This week, families of the hostages joined a broader protest movement seeking Netanyahu's resignation and new elections. Protests this week near Netanyahu's residence turned violent with clashes between demonstrators and police.

Gantz called for an agreed-upon date for elections in September — two years ahead of schedule. He said that would leave time to continue the war against Hamas "while allowing the citizens to know that we will soon renew the trust between us and prevent a rift among the people." Netanyahu has repeatedly rejected calls to step down or hold new elections in the wake of the October 7 Hamas attack that sparked the war. He says the government must focus on the war.

Since October 7, Netanyahu's popularity has plummeted in opinion polls, trailing far behind Gantz.

Gantz's message Monday does not pose an immediate threat. Netanyahu's governing coalition maintains a parliamentary majority even without Gantz's support.

Netanyahu's Likud Party accused Gantz of playing "petty politics," saying an election campaign would paralyze the country and hurt the war effort.

IRAN VOWS TO RETALIATE FOR ISRAELI STRIKE ON CONSULATE THAT KILLED MILITARY LEADERS TEHRAN, Iran — Iranian leaders on Wednesday reiterated their calls for revenge after an apparent Israeli airstrike killed five members of Iran's elite Revolutionary Guard this week, state media reported.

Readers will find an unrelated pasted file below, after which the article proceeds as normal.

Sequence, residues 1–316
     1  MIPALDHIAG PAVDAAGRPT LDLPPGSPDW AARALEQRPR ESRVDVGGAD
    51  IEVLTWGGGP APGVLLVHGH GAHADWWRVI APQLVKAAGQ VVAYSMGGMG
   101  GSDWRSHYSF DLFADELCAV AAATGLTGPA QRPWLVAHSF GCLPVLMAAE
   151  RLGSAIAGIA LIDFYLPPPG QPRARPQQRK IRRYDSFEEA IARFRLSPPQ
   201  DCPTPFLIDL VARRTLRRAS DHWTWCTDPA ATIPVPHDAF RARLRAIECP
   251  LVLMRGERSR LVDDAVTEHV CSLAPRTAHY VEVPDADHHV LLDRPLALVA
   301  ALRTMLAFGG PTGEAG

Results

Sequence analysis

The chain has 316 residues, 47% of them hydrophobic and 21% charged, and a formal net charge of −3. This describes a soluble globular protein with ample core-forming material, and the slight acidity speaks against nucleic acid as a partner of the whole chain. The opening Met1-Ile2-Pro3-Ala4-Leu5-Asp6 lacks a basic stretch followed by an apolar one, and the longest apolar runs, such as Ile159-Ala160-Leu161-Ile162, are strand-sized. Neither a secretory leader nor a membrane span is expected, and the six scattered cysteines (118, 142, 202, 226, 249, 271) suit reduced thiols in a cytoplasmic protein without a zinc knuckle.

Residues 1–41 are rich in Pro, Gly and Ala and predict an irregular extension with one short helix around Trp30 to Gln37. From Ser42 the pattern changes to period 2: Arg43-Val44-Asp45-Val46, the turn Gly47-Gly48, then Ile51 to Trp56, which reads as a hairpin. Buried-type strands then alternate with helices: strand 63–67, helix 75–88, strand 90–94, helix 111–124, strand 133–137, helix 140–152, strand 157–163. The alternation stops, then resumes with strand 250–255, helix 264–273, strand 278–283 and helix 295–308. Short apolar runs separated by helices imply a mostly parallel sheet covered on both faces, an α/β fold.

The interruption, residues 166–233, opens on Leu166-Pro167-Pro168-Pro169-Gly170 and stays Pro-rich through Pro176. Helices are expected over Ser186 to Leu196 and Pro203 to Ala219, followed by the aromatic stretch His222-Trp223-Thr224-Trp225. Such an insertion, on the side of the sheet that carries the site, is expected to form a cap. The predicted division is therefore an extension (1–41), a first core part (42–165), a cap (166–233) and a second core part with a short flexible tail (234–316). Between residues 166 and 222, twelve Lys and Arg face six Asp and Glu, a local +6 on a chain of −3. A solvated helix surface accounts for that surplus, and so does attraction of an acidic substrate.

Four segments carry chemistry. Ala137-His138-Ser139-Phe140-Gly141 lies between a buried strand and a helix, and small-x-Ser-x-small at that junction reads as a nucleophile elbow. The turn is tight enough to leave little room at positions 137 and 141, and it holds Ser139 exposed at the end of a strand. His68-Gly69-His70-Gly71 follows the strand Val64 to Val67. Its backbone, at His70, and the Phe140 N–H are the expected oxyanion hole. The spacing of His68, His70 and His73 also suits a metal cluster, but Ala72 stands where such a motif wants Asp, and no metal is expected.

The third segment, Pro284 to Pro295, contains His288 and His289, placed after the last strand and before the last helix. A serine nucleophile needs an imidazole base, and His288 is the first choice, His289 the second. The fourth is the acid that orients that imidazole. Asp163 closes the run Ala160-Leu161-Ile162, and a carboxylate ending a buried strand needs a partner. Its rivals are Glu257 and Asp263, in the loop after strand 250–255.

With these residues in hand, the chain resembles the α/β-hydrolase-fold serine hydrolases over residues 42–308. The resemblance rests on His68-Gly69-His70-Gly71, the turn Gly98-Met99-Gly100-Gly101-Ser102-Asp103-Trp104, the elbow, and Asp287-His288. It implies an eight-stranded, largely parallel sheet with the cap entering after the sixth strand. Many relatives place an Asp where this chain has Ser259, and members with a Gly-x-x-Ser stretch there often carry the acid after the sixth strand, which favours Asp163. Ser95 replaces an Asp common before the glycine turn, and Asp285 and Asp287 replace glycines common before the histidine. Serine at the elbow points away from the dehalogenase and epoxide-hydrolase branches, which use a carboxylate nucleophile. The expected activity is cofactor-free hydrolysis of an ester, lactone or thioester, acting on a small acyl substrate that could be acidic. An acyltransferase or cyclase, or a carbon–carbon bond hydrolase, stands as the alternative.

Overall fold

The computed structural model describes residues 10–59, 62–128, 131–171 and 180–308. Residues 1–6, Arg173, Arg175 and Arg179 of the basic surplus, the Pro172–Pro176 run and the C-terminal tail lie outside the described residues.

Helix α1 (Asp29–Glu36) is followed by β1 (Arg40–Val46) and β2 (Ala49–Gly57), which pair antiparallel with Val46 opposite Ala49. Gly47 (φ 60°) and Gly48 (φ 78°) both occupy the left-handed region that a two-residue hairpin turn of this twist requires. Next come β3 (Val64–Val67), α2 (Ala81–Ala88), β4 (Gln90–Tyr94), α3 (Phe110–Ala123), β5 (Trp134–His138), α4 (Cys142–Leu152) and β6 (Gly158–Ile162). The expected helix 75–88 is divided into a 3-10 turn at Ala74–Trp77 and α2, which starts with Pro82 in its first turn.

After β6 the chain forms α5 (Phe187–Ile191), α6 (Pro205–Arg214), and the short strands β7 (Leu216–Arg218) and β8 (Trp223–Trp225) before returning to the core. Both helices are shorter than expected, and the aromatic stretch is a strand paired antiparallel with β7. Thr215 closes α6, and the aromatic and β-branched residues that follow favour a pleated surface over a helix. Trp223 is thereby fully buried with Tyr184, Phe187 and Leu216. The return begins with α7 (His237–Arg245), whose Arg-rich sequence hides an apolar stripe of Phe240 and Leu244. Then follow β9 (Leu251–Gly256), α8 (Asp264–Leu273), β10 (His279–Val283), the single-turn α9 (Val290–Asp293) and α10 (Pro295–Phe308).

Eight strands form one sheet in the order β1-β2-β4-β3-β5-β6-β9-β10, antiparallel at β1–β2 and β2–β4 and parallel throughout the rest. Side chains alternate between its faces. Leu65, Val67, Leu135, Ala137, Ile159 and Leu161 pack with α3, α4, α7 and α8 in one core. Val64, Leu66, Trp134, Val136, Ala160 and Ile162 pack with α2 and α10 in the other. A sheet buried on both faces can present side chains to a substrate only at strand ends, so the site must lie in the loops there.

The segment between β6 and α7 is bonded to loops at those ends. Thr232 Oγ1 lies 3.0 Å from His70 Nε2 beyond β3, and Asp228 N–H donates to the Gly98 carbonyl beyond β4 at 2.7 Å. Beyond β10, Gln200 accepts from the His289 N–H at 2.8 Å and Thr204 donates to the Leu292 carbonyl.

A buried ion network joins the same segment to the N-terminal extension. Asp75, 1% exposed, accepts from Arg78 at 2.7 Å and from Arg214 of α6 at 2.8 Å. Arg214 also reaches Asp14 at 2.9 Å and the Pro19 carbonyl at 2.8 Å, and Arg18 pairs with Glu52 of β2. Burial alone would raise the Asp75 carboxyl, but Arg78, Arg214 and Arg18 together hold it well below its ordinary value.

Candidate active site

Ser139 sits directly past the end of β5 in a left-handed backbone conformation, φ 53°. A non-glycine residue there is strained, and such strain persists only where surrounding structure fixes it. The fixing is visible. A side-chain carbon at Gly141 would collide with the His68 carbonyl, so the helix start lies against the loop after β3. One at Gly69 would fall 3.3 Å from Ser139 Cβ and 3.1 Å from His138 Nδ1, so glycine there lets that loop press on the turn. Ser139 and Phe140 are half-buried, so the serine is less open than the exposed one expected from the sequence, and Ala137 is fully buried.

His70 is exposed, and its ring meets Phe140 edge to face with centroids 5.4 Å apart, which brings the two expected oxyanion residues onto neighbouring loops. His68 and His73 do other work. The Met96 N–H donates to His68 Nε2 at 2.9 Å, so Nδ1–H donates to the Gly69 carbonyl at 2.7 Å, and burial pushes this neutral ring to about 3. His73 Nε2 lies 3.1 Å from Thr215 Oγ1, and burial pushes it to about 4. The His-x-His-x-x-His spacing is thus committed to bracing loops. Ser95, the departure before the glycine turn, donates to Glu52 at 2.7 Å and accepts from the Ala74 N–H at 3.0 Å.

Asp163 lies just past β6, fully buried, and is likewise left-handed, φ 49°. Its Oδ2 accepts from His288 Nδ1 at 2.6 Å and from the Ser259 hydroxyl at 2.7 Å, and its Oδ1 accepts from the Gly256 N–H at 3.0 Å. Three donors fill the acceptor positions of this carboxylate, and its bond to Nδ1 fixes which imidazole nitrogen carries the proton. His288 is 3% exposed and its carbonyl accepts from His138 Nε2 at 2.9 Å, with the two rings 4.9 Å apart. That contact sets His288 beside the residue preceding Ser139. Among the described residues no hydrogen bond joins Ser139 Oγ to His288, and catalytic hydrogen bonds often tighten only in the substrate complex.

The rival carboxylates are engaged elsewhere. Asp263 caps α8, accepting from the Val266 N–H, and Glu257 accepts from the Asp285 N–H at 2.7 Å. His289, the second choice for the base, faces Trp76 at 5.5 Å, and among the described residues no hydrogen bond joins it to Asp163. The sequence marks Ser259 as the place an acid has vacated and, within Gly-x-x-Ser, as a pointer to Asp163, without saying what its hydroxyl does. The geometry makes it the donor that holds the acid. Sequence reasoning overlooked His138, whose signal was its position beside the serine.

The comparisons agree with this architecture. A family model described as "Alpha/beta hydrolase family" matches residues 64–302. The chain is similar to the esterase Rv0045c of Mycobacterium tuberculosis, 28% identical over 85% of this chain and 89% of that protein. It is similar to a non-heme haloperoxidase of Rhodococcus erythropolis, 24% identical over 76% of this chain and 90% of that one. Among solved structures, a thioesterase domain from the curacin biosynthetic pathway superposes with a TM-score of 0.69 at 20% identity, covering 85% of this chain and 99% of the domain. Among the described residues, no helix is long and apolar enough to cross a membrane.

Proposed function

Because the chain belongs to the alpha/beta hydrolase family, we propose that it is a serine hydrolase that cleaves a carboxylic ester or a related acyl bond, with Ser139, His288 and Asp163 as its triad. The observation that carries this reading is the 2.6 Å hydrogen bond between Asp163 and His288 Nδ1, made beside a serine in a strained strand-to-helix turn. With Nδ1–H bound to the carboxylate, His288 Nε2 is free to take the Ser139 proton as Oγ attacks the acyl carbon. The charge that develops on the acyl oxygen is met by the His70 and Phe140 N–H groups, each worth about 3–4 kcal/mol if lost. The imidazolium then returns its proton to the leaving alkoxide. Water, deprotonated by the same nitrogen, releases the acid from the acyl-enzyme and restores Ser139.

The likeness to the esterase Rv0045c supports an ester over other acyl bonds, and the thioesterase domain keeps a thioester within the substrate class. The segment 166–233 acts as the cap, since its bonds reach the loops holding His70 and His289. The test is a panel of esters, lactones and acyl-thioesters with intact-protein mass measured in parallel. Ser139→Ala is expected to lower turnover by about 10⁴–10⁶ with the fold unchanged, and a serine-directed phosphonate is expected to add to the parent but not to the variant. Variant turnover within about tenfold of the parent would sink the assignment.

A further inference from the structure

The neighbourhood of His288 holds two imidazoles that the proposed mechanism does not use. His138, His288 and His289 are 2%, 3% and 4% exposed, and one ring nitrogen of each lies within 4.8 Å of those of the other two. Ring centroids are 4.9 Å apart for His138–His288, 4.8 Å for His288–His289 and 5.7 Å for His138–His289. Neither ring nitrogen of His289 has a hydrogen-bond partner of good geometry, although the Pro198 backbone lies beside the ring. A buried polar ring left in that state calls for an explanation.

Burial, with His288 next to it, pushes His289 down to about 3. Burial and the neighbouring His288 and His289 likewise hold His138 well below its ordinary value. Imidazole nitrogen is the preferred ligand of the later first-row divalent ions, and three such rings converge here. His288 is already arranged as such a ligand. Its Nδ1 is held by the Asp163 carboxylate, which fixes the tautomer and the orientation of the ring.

Supreme Leader Ayatollah Ali Khamenei said Israel will continue to fail on the battlefield in Gaza, and its defeats will bring it closer to collapse.

"Desperate efforts like the act they committed in Syria will not save them from defeat and they will be slapped for the action, too," Khamenei was quoted as saying by the official IRNA news agency, during a meeting with officials Wednesday.

Meanwhile, Iran's President Ebrahim Raisi said the attack "will not remain without answer." The airstrike Monday was widely blamed on Israel, and destroyed Iran's Consulate in Damascus. It's not clear if and when Iran would respond, but any retaliation from Tehran would risk a dangerous confrontation with Israel and the US.

Iran's President Ebrahim Raisi said the attack ''will not remain without answer." In Syria, a funeral was held for the slain Revolutionary Guard members at a holy Shiite shrine in Damascus, media reported. The main funeral ceremony will be held Friday in Iran during an annual pro-Palestine rally, called al-Quds day.